The difficult relationship between the owners of Telesat Holdings Inc. may finally be resolved by a huge takeover bid from one of Canada's biggest pension funds.
The satellite operator drew interest from two of Canada's largest pension funds, Ontario Teachers' Pension Plan and Canada Pension Plan Investment Board (CPPIB), said a person familiar with the situation.
Now, Bloomberg reports that Teachers appears to be the one that is closest to finding a way to get its hands on Telesat at a combined price of about $7-billion (U.S.), including debt.
Pension funds covet the long-term cash flow from the Canadian satellite operator, which has a network of satellites that is difficult to replicate. The problem has been how to get to Telesat, which has a complicated ownership structure that makes a deal difficult.
Telesat is jointly owned by publicly-traded Loral Space & Communications Inc. and Public Sector Pension Investment Board (PSP), a Canadian pension fund. They combined to buy the business from BCE in 2006. However, having a U.S.-based publicly traded company and a Canadian pension plan as joint owners has created a difficult situation.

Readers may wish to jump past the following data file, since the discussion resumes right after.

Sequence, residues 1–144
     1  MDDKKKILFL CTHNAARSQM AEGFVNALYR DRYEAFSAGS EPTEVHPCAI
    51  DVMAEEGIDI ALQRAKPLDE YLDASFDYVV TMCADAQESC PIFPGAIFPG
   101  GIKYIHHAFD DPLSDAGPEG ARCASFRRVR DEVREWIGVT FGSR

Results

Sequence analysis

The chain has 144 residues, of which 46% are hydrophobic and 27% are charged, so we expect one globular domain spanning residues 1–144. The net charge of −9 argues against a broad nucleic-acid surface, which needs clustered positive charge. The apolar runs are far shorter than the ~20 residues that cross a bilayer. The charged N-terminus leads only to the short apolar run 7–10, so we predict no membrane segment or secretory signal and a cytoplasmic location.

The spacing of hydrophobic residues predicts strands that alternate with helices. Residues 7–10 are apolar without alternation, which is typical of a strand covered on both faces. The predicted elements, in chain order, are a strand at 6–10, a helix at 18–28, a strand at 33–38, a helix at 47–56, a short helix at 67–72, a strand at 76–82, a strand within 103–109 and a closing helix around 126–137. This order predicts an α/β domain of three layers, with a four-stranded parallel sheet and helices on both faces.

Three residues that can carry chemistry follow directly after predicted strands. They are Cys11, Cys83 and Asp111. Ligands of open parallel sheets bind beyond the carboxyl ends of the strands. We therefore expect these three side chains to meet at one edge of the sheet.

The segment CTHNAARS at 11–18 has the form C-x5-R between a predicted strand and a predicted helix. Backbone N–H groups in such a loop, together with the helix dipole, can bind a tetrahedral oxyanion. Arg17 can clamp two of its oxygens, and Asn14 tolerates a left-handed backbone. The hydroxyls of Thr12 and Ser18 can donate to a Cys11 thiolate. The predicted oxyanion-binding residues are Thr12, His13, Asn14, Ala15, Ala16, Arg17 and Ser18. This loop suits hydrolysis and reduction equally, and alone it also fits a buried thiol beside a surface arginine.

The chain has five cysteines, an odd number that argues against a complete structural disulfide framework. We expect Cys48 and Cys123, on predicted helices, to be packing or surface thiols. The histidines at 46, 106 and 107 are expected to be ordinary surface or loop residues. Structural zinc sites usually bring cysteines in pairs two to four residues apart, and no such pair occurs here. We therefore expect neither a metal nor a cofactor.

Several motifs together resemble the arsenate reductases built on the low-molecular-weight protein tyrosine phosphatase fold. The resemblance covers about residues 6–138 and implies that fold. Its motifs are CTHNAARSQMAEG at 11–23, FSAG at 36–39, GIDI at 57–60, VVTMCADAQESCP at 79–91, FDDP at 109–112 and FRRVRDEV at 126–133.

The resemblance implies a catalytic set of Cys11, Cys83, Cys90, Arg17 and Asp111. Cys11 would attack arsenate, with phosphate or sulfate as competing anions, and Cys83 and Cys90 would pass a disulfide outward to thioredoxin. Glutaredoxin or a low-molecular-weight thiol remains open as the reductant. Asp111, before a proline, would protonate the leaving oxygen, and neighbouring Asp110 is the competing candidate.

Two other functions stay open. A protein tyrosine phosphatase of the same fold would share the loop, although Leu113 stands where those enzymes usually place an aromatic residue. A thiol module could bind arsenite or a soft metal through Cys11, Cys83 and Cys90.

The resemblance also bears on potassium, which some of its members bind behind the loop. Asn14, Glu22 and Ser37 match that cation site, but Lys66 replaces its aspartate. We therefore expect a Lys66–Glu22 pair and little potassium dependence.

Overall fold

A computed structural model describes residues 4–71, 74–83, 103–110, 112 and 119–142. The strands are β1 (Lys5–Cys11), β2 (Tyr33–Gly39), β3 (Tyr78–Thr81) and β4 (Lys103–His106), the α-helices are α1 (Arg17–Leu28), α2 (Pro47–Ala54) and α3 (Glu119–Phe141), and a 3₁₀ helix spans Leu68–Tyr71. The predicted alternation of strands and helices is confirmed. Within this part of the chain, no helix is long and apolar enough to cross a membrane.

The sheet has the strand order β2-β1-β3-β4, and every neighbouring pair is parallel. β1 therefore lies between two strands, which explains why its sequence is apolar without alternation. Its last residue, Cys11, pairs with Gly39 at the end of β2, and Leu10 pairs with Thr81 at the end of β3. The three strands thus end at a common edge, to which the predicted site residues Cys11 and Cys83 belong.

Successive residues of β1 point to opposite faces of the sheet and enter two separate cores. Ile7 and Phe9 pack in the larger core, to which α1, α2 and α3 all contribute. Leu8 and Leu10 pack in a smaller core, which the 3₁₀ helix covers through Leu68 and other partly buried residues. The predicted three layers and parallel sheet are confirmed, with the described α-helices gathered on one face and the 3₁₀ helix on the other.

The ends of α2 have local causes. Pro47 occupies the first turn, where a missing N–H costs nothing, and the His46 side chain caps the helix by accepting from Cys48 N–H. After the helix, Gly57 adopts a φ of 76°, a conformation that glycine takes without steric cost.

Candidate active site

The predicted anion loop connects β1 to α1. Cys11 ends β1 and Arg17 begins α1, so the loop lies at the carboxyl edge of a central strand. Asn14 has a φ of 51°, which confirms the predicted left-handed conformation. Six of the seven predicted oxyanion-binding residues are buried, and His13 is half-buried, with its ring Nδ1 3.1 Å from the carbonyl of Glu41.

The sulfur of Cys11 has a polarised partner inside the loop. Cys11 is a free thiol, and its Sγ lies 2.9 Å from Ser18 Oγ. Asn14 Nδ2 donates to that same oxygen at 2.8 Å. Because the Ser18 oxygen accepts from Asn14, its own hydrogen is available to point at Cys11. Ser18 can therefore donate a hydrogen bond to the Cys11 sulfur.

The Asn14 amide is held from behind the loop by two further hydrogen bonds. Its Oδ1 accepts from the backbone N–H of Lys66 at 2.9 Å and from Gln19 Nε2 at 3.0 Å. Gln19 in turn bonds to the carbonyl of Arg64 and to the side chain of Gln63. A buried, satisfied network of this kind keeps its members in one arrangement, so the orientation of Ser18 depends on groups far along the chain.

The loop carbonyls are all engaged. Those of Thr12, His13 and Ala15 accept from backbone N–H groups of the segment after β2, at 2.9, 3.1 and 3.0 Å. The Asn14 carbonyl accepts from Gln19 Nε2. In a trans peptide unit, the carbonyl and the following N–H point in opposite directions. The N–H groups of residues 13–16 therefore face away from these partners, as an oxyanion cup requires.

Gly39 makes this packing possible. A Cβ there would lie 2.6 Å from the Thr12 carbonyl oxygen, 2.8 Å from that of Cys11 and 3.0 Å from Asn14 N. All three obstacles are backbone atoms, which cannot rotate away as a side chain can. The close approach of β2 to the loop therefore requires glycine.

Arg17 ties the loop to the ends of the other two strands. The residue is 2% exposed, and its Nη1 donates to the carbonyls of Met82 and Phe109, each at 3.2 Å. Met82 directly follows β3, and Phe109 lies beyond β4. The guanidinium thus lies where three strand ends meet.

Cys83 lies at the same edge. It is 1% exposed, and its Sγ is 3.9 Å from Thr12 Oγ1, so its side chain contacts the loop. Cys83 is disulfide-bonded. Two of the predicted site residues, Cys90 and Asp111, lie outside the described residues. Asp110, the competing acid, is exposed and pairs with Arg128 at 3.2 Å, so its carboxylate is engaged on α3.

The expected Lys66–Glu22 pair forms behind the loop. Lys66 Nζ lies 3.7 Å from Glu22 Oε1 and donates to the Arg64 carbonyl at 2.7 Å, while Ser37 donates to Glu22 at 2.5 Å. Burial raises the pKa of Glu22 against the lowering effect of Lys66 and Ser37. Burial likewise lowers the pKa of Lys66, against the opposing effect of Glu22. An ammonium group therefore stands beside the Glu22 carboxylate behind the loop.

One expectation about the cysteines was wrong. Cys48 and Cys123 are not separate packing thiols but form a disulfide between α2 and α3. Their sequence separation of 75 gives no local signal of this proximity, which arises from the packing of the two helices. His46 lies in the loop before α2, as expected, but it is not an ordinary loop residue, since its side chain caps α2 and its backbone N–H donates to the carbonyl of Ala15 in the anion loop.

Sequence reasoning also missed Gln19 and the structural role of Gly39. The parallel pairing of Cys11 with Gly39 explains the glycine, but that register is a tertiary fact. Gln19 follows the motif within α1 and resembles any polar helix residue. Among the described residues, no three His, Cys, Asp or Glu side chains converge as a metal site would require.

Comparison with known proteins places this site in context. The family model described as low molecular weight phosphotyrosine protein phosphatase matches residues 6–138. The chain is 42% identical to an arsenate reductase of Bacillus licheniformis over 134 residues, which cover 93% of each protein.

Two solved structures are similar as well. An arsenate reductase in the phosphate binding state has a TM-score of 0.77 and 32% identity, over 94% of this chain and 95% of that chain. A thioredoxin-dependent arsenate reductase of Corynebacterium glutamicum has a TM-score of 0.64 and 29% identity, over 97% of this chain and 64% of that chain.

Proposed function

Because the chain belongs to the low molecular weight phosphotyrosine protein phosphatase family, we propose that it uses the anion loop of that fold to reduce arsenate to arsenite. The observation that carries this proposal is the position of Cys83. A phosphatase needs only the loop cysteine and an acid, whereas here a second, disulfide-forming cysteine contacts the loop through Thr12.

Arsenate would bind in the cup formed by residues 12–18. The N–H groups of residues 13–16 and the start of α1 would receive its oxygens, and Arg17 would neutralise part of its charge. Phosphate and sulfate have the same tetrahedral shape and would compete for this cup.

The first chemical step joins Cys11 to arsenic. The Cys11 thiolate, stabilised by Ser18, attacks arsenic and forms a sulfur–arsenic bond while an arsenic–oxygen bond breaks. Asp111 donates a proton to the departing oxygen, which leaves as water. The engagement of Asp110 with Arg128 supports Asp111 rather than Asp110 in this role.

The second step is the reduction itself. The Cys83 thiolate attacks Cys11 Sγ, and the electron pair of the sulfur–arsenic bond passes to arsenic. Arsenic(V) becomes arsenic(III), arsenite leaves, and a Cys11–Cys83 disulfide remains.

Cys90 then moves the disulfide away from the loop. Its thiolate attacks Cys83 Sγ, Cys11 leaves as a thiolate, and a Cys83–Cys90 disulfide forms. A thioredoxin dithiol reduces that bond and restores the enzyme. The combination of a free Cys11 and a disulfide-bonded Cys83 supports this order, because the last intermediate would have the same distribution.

The satellite operator has been shopped before as PSP has been looking for a way out, but it was difficult for Loral to sell because of tax consequences. (PSP doesn't pay taxes, because of of its status as a pension fund. Loral would face a capital gains hit if it sold its shares). And because of Canadian-ownership laws, PSP owns a minority stake but has a majority of the voting rights.
In the summer of 2012, PSP exercised its right to ask for an initial public offering of Telesat. Loral didn't like the idea, publicly citing "tax inefficiencies." In early 2013, Loral said that process had been stopped. The asset went back on the block for a private sale.
Now, it appears that Teachers may have a way to solve the problem by bidding for Loral in its entirety, as well as buying the PSP stake.
Another Canadian pension fund, CPPIB, also looked at Telesat but a person familiar with the process told Streetwise that the pension manager has since backed away.